• Orthopedics – This specialty focuses on treating patients with certain injuries or musculoskeletal disorders affecting their bones, muscles, tendons, joints, and ligaments.
• Neurology – Physical therapists who specialize in this area focus on helping patients with neurological disorders, injuries, or impairments. These neurological issues include Alzheimer’s disease and Parkinson’s disease.
• Pediatrics – This specialty focuses on treating newborns to teenagers with genetic or other health issues that affect their quality of life. These issues include autism, cystic fibrosis, cerebral palsy, juvenile rheumatoid arthritis, and other conditions.
• Oncology – An oncology physical therapist treats patients who are receiving treatment for cancer or are recovering from cancer. They help these patients deal with weakness, chronic pain, and loss of bone density.
• Women’s Health – Physical therapists in this relatively new specialty help women of all ages with pregnancy, menopause, pelvic pain, incontinence, and other physical issues affecting women.
• Electrophysiology – This specialty is another relatively new field where the physical therapist treats patients with nerve and muscle damage wounds and compromised skin issues.
• Sports – Physical therapists in this specialty work with amateur and professional athletes by providing them with injury treatments and rehabilitative services.
• Wound Management – This specialty will become board certifiable in 2022. Physical therapists in this specialty will treat deep and superficial wounds. The wound management specialty requirements and objectives are still under development.

Specializing in one or more areas of physical therapy allows you to demonstrate your expertise, enhance your credentials, and open more employment opportunities. Before you start the certification process in a specialty, be sure you understand the requirements. Each physical therapy specialty has unique requirements. Yet, they all require at least 2,000 hours of direct patient care in the specific specialty within the last ten years.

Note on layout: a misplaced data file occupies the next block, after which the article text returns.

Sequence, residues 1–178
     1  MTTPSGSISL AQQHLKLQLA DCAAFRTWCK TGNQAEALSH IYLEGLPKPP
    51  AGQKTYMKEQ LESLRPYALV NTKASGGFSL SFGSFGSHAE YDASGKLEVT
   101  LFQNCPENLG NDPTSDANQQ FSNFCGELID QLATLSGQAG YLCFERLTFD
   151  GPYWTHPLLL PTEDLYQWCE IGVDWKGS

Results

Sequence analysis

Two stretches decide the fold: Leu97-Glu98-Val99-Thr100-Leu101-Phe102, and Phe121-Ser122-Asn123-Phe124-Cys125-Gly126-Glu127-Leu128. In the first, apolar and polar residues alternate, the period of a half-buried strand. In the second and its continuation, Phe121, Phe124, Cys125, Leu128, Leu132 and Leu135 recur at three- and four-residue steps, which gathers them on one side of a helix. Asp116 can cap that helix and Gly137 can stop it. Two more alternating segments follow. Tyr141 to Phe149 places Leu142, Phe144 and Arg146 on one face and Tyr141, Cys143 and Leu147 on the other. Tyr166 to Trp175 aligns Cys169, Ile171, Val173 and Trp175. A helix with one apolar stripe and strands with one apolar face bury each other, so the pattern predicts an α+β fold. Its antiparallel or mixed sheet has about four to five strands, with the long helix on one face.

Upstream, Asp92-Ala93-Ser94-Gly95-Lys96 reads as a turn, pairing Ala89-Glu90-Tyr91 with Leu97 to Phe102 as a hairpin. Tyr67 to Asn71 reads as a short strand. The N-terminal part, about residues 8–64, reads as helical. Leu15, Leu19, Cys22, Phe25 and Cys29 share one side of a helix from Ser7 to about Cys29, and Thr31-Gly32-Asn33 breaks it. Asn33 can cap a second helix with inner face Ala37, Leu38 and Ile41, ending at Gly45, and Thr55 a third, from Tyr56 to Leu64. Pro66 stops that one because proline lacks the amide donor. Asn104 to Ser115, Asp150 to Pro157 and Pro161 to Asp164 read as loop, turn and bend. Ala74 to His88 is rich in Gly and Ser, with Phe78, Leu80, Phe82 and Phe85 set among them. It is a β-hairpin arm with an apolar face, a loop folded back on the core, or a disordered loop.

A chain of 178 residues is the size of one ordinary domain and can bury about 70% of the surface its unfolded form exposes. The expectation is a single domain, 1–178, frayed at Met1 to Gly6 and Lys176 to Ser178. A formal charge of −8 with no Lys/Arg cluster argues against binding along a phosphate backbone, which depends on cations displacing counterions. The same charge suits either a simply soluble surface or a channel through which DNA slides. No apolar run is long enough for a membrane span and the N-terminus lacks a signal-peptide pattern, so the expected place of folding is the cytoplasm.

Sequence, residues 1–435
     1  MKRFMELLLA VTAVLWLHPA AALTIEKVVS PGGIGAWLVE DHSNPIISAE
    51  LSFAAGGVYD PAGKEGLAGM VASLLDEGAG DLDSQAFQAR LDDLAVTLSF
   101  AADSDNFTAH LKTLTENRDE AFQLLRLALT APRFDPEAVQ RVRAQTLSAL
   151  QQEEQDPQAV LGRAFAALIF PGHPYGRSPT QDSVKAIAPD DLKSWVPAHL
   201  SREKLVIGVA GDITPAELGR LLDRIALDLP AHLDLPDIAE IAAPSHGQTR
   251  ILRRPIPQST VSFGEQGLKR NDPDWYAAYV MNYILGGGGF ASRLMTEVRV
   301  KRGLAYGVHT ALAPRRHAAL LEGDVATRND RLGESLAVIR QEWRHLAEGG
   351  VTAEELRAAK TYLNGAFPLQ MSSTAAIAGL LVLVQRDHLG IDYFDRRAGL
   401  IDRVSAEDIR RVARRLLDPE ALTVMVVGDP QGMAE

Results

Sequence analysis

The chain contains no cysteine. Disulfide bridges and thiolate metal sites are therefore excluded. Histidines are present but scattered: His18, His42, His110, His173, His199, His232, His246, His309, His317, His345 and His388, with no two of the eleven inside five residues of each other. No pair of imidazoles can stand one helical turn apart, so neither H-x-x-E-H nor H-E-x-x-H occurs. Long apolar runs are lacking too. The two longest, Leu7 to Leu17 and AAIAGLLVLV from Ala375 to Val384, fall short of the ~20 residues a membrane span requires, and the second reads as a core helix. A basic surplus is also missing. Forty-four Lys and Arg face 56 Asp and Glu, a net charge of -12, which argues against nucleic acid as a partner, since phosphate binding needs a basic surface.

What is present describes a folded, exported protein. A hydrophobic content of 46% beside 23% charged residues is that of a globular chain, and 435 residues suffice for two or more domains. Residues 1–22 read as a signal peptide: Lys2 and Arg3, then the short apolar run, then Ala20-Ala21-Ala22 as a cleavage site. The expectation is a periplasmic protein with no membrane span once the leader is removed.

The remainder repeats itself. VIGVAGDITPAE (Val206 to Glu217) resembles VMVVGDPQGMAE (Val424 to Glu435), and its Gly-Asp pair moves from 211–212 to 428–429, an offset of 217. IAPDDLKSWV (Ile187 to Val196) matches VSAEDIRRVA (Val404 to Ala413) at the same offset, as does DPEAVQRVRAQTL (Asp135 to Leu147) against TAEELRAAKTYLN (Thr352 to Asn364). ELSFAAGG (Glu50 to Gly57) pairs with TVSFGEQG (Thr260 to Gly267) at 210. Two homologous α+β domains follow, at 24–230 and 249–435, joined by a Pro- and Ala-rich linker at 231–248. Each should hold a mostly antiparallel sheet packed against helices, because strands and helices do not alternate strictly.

You can also choose to go into a residency or fellowship program. A clinical residency program allows a physical therapist to receive clinical supervision and mentoring within a defined area of physical therapy. A clinical fellowship occurs after a residency and is designed to provide additional clinical experience in a physical therapy specialty.

Job Outlook for Physical Therapists

The Bureau of Labor Statistics predicts that the employment of physical therapists will skyrocket faster than other healthcare professions by 36%, thus creating 73,500 new jobs before 2022. The median annual salary of a physical therapist is $91,010, according to the BLS. Physical therapists who work in nursing or residential care facilities have the highest median annual salary of $97,610. The highest-earning physical therapists can earn up to $126,780.

There is a strong demand for physical therapists, and this demand will continue every year over the next ten years. The aging baby boomer population continues to grow, and the number of people with chronic health conditions related to obesity also continues to rise. According to the Bureau of Labor Statistics, over 15,000 job openings in physical therapy are expected each year for the next ten years.

Conclusion

Physical therapy is an ideal career path for you if you are attracted to the healthcare field, have a desire to help others, have the resourcefulness to customize individual treatment plans, and possess the stamina to provide therapeutic exercises. When you follow these steps to become a physical therapist, you will earn the credentials you need to make a positive difference in improving the quality of life of your patients by helping them move better and eliminating their pain.